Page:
What are fungus gnats?
Fungus gnats are the tiny black insects you might see buzzing around your African Violets and indoor plants at times. Actually, there is not a single insect known as a fungus gnat, but it is a generic term applied to a family of insects, including Sciaridae, Diadocidiidae, Ditomyiidae, Keroplatidae, Bolitophilidae, Mycetophilidae. These insects are a common pest of indoor plants and feed on root hairs, decaying plant matter and fungi.
Are fungus gnats a problem?
There are differing opinions on whether fungus gnats are just a nuisance or whether they pose a real threat to your plant collection. Adult fungus gnats don’t damage plants or bite people. However, the presence of gnats in significant numbers is likely a sign that your growing conditions are not optimal.
Gnats love conditions where there is high moisture, humidity, decaying plant matter, and still (poorly circulating) air. Their presence might be an indication that you’re overwatering, that there’s insufficient air circulation, and that you your plants need a grooming.
A small infestation can quickly get out of hand because fungus gnats multiply profusely. An adult gnat will live only about a week, but in that time, can lay up to 300 eggs. Within 4-6 days, the eggs hatch into tiny larvae that move around your potting mix feeding on plant roots and decaying matter.
A healthy plant that is actively growing may not be affected. However, in larger numbers, gnat larvae can cause root rot and fungal infections. Adult gnats can carry disease or fungus spores in their mouths and on their bodies. Since they are mobile, they can easily spread disease to your whole collection.
In 2019, my collection of African Violets was turned into a ghost town. I lost more than 200 plants to a rapidly spreading fungal infection. Although there were several causes, fungus gnats were a key player in spreading this infection.
What to do about fungus gnats
Controlling or eliminating gnats requires a sustained effort (at least a couple of months) and a multi-pronged approach that targets that gnats at all stages of their life cycle. The key to winning your battle against the gnats is to break their life cycle at all stages of their development.
Multi-pronged approach for eliminating Fungus Gnats
Gnats at the larval stage live under the surface and can be controlled with soil drenches or water additives. For a natural remedy, you can try watering with hydrogen peroxide (3%) mixed at the rate of 1 part peroxide to 4 parts water or insecticidal soaps. Another effective remedy is a Neem Oil drench at the rate of 5ml per litre of water. For wick watering, CX Tanlin (NilNat) drops are added to your water supply and are highly effective.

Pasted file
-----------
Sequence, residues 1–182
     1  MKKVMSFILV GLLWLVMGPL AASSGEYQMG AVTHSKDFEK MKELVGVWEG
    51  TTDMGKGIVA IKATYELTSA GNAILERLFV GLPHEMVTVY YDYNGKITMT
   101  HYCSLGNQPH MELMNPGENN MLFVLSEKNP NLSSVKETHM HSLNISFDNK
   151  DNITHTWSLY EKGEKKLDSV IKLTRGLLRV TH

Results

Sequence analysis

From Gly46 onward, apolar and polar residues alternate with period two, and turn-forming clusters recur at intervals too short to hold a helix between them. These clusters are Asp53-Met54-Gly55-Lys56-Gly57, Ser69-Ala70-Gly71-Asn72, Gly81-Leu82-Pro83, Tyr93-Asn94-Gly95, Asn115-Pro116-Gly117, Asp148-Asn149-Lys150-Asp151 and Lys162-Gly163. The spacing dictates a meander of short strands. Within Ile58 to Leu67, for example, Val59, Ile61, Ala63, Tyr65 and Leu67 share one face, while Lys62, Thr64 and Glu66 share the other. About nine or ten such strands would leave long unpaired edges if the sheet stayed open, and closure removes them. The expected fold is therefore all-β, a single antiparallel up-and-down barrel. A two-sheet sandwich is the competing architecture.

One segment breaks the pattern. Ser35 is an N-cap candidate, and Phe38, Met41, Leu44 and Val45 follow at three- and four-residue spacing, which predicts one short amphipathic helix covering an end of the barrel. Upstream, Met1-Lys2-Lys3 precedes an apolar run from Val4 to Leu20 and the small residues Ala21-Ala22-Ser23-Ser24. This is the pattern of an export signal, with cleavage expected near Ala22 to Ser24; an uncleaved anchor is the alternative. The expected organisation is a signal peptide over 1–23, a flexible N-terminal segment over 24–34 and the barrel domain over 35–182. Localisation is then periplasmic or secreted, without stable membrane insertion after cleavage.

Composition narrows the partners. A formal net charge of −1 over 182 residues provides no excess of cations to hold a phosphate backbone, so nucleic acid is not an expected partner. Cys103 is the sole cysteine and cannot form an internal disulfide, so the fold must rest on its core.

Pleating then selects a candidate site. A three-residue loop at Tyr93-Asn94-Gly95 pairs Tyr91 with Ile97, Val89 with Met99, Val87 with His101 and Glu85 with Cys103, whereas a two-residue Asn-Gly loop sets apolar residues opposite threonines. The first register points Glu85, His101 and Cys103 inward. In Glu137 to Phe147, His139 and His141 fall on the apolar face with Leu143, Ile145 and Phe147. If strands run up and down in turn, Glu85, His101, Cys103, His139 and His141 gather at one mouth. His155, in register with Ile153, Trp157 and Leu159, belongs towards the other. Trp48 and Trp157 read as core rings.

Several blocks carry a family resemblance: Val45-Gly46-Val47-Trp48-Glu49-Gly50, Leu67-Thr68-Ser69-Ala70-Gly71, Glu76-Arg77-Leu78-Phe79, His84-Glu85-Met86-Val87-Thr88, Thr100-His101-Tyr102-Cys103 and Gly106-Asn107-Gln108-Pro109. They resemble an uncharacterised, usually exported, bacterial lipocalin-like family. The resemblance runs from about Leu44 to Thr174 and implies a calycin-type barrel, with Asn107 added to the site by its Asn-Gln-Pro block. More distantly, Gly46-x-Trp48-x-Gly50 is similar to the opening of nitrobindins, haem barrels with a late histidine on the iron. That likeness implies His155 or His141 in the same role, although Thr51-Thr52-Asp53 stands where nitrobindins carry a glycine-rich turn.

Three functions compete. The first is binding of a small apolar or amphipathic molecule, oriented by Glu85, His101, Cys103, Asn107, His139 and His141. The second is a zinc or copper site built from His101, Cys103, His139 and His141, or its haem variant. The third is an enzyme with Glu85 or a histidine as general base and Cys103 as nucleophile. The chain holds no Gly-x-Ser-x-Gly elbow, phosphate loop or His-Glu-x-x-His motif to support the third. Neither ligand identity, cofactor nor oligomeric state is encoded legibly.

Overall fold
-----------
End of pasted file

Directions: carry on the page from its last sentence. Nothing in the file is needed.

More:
Young gnats will be found crawling across the surface of your mix. They are best controlled with surface sprays or barrier treatments. For a natural remedy, try pyrethrum or neem oil sprays. Alternatively, there are many effective insecticides such as Bayer Confidor (Imidacloprid), Yates Mavrik (Tau-fluvalinate), Yates Success (Spinetoram), and Brunnings Bug Kill. Household fly sprays should never be used as they cause chemical burns to your plant foliage.
Adult gnats will fly from plant to plant looking for moisture, fresh sources of food, and places to lay their eggs. The best defence against them is to lure them away from your plants and trap them. Ribbon fly papers and yellow sticky insect traps a
Improving Growing Conditions
Any efforts to eliminate gnats can only be effective in the long-term if they are supported by attending to growing conditions that are contributing to the problem
- Moisture – Be sure to fix any leaky pipes or moisture areas you might have around your plants. Improve poor drainage. Ensure you are not over watering your plants. If you are using wick watering, ensure the growing mix contains at least 50-60% coarse perlite.
- Air circulation – Adult gnats are not good flyers and do not like moving air. Ensure your plant collection is not over-crowded and that their is sufficient air circulation around the plants. Powdery mildew might be another sign of poor air circulation. For large plant collections, use a small low voltage electric fan (available from hydronic shops), ceiling fan or computer fan.
- Introduced sources – Commercially grown house plants and potting mixes that contain pine bark are common sources of fungus gnats. Think twice before buying that lovely maidenhair fern from Bunnings, or treat any new plants that you bring into the house with soil drenches. Ensure your African Violet potting mix is free from pine bark.